Wind Farm in Austria. Source: Kwerdenker, Wikimedia Commons. CC BY-SA 3.0.
Wind Farm in Austria. Source: Kwerdenker, Wikimedia Commons. CC BY-SA 3.0.

Setting up wind turbines in areas around the world where wind is most predominant allows for the use of this renewable energy for electricity generation. Like the other turbines briefly discussed in these two articles, wind turbines can be hooked up to an electric generator for electricity production. Currently in the US five states generate the most electricity via wind power, namely California, Texas, Illinois, Minnesota and Iowa but 31 other states also utilize wind power (based on 2011 data). There are two types of wind turbines, named for the direction of their axis- horizontal or vertical. The EIA website points out the horizontal ones look like their predecessors-windmills-while the vertical ones look like giant eggbeaters. The horizontal ones capture more wind than the eggbeater variety. It is the combination of lift, pulling of the turbine’s blades forward due to low pressure air pockets forming on the downwind side of the blades, and drag, the wind’s force against the front side of the blades, that allows for the turbine’s rotor to spin.

Going into writing this article, geothermal energy was the one on the renewable list I could not name off of the top of my head. Its name, however, does indicate what this form is all about- it is heat from within the earth’s surface that can be used directly or indirectly for energy purposes. This form of energy can be harnessed at locations where plates of earth’s crust border each other. There are two viable options in these reservoirs- steam and very hot water. The dry steam can be used directly to run turbines for electricity generation or the hot water can be accessed via wells and pipes for indirect use for the end goal of electricity. The hot water can either be converted to steam itself, a process done in Flash Steam Power Plants, or can be used to heat a transfer fluid in order for it to be converted to steam, done at Binary Cycle Power Plants. Using the steam directly is done at Dry Steam Power Plants and is less commonly seen in practice compared to the others. In addition to electricity use, the hot water from these reservoirs can be used for direct heating of homes and commercial buildings or can be pumped through a heating system as an indirect method. In the case of the indirect heat pump system, the water is pumped out of the reservoirs into a heat exchanger then the heat is distributed to the home/building via a secondary fluid. In the summer the heat can be taken out of the building into the heat exchanger where it can then be put to use as hot water for showers, baths, etc.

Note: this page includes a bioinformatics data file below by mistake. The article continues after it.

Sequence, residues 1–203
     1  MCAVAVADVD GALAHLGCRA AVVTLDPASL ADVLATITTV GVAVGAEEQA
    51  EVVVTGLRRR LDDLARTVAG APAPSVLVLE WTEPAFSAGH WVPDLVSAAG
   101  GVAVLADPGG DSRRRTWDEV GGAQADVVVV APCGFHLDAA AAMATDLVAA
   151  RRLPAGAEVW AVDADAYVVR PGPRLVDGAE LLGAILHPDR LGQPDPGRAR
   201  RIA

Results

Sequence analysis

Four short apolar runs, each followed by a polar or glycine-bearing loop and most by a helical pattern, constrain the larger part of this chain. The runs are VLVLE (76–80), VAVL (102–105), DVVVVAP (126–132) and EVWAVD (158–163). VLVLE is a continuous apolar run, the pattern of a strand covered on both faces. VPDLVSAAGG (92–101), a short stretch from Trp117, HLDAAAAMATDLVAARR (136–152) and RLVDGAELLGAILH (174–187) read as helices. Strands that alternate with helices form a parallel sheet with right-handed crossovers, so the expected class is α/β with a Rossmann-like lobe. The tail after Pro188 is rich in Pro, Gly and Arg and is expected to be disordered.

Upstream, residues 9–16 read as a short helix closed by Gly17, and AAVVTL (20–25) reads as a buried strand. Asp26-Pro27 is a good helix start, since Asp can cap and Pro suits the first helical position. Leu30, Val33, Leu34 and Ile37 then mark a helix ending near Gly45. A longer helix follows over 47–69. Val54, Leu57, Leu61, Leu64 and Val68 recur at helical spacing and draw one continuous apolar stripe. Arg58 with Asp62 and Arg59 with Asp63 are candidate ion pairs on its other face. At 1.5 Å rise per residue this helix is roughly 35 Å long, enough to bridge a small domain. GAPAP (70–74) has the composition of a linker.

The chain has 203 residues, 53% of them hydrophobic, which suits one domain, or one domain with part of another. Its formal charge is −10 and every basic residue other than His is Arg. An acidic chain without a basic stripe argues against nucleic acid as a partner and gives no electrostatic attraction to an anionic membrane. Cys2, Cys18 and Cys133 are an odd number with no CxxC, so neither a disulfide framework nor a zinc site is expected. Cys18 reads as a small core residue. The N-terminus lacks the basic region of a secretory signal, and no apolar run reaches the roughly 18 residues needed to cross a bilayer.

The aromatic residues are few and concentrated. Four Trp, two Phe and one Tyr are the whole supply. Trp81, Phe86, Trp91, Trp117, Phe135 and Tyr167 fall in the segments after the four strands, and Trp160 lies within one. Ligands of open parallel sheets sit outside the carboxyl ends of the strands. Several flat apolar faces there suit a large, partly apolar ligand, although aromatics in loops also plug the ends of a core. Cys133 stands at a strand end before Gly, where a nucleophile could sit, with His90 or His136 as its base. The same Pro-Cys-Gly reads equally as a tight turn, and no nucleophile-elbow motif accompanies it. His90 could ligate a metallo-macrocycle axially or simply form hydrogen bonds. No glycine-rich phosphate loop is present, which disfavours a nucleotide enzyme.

Lastly we have solar power which can be used to provide us with heat as well as energy for electricity. Solar panels are made up of photovoltaic cells (PV); these directly convert sunlight to electricity. Silicon is the primary conductive agent in PV cells, but Boron and Phosphorus are critical to the overall operation as well. A PV cell contains two separate areas- one is Silicon and Boron, and the other is Silicon and Phosphorus. These two distinct areas allow for an electric gradient so that when sunlight hits the cell, electricity can be generated. Alternatively there are Solar Thermal Power Plants (STPP); these concentrate solar energy from the sun to heat a fluid in order to produce steam for turbine power. In the case of STPPs there are several different options to how they are run. The most common is called a parabolic trough with mirrors in a U-shaped configuration with a receiver pipe in the middle of the U. Regardless of which configuration a STPP operates, they all work to concentrates the sun’s energy- for example the parabolic trough concentrates sunlight from 30 to 100x achieving temperatures over 750 F°. This heats up the transfer fluid which will move to a heat exchanger, then back to the receiver to take in more heat from the concentrated solar energy. The transfer fluid, when hot, will heat water to produce steam and from there we know where it goes to give us electricity. An interesting point made by another great resource, the Renewable Energy World website, is most of the renewable resources come indirectly from the sun. It is the sun that allows for photosynthesis in plants which leads to biomass, as well as temperature changes allowing for wind production which is driven by the sun and so on.